``It's a great experience, and we're not there for the experience, we're there to win,'' Missouri defensive tackle Sheldon Richardson said. ``That's how we look at it.''


AP Sports Writers David Brandt, R.B. Fallstrom, Charles Odum, Teresa Walker and John Zenor contributed to this story.

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Looking at the details of Zach Brown's contract with the Redskins

Looking at the details of Zach Brown's contract with the Redskins

The Redskins and linebacker Zach Brown agreed to a three-year contract that will require Brown to continue to play at a high level if he is going to collect all of the $21 million the deal contains.

Brown’s camp reportedly was shopping for a contract that had some $20 million in guaranteed money. The actual deal fell well short of that.

Brown, who was leading the league in tackles before an assortment of injuries forced him to sit out the last three games, got a total of $5.5 million in fully guaranteed money. He got a $4.5 million signing bonus and his $1 million salary for 2018 is fully guaranteed.


After that, the remaining two seasons essentially are team options. In 2019 he has a $6.75 million salary and $4.5 million of that is guaranteed for injury. His 2020 salary is $7.5 million with no guarantees of any kind.

The contract also has per-game roster bonuses available at a rate of $15,625 for each game he is on the 46-man game day roster in 2018 (total of $250,000 for the year) and $31,250 per game in 2019 and 2020 ($500,000 total).

The salary cap hits per year are as follows:

2018: $2.75 million
2019: $8.75 million
2020: $9.5 million

The average annual value of $7 million ranks ninth among inside linebackers.

Brown will need to continue to play well to collect on the contract. The team will be able to save $5.75 million on the 2019 cap if they terminate the deal after one season and $8 million if they do it in 2020.


Stay up to date on the Redskins. Rich Tandler covers the team 365 days a year. Like his Facebook page and follow him on Twitter @TandlerNBCS.


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Wizards drop to precarious position in close Eastern Conference playoff race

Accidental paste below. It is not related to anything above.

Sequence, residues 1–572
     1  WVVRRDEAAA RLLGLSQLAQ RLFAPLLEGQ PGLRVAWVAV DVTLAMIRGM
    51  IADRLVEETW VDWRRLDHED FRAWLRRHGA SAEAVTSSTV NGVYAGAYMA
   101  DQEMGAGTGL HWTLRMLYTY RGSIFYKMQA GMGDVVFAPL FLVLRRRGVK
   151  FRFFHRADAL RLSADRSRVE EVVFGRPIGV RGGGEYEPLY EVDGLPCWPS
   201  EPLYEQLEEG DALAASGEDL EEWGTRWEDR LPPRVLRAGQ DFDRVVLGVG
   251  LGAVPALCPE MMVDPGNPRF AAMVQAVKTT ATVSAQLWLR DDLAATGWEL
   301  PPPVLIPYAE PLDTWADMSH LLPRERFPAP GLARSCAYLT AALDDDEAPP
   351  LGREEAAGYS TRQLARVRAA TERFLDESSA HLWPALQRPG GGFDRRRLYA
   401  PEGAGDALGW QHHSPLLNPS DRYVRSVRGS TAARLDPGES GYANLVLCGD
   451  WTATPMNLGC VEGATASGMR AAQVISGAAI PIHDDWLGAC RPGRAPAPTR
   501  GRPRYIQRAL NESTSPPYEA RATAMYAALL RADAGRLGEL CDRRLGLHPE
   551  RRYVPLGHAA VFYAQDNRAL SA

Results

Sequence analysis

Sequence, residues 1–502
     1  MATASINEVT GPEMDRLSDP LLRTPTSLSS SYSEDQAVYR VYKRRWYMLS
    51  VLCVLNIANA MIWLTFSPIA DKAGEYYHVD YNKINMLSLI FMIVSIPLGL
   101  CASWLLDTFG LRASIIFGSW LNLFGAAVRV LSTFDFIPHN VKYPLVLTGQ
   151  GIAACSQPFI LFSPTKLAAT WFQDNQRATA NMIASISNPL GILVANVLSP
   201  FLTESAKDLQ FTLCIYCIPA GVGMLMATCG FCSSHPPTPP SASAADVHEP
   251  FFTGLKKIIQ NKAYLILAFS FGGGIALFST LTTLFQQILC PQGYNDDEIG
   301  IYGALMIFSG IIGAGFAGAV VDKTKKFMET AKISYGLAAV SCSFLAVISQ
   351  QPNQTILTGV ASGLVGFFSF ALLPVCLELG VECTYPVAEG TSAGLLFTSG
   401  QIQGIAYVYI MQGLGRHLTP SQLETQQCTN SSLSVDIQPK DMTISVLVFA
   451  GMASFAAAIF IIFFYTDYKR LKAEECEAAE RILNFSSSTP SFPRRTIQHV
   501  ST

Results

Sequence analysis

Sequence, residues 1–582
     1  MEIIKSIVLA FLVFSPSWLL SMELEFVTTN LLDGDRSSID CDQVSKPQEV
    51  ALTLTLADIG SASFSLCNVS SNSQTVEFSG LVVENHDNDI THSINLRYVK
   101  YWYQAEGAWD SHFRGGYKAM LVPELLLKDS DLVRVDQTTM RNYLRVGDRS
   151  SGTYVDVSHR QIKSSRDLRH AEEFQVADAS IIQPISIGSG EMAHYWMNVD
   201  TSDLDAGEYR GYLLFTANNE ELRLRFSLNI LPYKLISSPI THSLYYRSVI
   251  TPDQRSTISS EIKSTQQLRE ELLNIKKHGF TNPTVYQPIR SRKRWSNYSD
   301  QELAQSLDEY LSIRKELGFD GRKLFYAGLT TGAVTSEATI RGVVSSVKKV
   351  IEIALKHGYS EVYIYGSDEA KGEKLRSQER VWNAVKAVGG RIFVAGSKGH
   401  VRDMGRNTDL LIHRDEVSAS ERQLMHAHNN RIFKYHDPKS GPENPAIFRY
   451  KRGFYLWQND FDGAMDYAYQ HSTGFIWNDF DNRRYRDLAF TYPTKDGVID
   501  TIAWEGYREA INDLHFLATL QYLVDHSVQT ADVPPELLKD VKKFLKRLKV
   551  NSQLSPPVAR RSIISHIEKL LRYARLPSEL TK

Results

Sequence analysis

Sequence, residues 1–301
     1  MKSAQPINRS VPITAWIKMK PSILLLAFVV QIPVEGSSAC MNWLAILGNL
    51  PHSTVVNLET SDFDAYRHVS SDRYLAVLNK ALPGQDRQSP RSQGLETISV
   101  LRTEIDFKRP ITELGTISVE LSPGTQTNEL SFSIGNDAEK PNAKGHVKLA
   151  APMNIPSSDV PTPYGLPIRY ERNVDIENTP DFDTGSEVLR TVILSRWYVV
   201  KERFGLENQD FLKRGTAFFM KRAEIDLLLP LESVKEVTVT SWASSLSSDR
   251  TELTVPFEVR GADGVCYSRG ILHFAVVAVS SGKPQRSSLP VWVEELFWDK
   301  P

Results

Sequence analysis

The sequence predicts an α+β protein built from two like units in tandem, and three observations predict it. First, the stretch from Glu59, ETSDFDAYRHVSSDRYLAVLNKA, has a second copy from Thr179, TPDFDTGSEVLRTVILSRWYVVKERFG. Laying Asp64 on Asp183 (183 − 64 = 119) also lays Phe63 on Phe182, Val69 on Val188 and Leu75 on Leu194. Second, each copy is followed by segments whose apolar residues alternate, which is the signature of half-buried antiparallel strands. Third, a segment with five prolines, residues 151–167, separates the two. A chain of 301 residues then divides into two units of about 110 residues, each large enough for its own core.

Wizards drop to precarious position in close Eastern Conference playoff race

As if they needed a reminder, the Wizards saw firsthand on Wednesday night just how much can change in a short period of time in the Eastern Conference playoff race where just two games separate the No. 3 and No. 6 teams.

That No. 6 team is now your Washington Wizards, who began the day in fourth place but lost their first game in four days on the same night both the Cavs and Sixers won theirs. 

The Wizards lost to the Spurs on Wednesday and managed only 90 points, their fewest since Jan. 22. It was a lackluster performance in a game the Wizards needed to treat with urgency. 


The Spurs sure did.

"We've gotta have a better mentality coming into games," guard Bradley Beal said. "The Spurs were fighting for playoff seeding just like we were."

The Wizards have now lost six of their last 10, yet all those games have come against teams currently holding playoff spots. Considering John Wall reamins out with a left knee injury, it's hard to fault them too much when they are staying afloat just fine in the big picture.

The problem is that the closer they get to the end of the season, the more these losses are magnified. They amount to missed opportunities, some bigger than others.

That was not lost on Beal, who considered the alternative. If the Wizards had beaten the Spurs, they would be sitting in fourth, two spots higher, and just a game-and-a-half out of third.

"Every time we have a chance to move up, we take two steps back," Beal lamented.


The Wizards are in a high stakes part of the standings where plenty is in the balance. They are fighting for home court advantage, something they would get in the third or fourth spots. And who they match up with will be paramount.

By falling to sixth, the Wizards are currently in line to play the Cleveland Cavaliers. Though the Pacers and Sixers are also good teams, they don't have LeBron James. Avoiding him and the Cavs would be ideal for the Wizards.

Beal has even bigger worries than that. He noted after the loss in San Antonio that they could fall even further if they aren't careful. They are now just a game-and-a-half up on the seventh-place Heat. 

"We've gotta realize what's at stake, man. The way we're going, we could keep dropping and mess around and be eighth. We've gotta do whatever it takes to win," he said.

The Wizards should be fine, if the previous two months are any indication. But Wednesday night was another example of how precarious things are for them this season in the tightly-packed Eastern Conference.